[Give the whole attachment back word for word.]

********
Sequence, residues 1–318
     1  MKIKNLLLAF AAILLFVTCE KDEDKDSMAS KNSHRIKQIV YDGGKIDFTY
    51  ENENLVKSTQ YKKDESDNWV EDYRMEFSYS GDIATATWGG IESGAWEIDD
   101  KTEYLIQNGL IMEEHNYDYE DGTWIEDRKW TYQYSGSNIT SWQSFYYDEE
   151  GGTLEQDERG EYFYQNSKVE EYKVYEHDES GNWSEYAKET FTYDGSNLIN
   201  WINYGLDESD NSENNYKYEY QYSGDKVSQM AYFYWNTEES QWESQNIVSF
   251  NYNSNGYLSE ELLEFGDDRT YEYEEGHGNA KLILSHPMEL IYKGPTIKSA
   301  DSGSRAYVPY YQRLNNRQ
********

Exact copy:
Sequence, residues 1–318
     1  MKIKNLLLAF AAILLFVTCE KDEDKDSMAS KNSHRIKQIV YDGGKIDFTY
    51  ENENLVKSTQ YKKDESDNWV EDYRMEFSYS GDIATATWGG IESGAWEIDD
   101  KTEYLIQNGL IMEEHNYDYE DGTWIEDRKW TYQYSGSNIT SWQSFYYDEE
   151  GGTLEQDERG EYFYQNSKVE EYKVYEHDES GNWSEYAKET FTYDGSNLIN
   201  WINYGLDESD NSENNYKYEY QYSGDKVSQM AYFYWNTEES QWESQNIVSF
   251  NYNSNGYLSE ELLEFGDDRT YEYEEGHGNA KLILSHPMEL IYKGPTIKSA
   301  DSGSRAYVPY YQRLNNRQ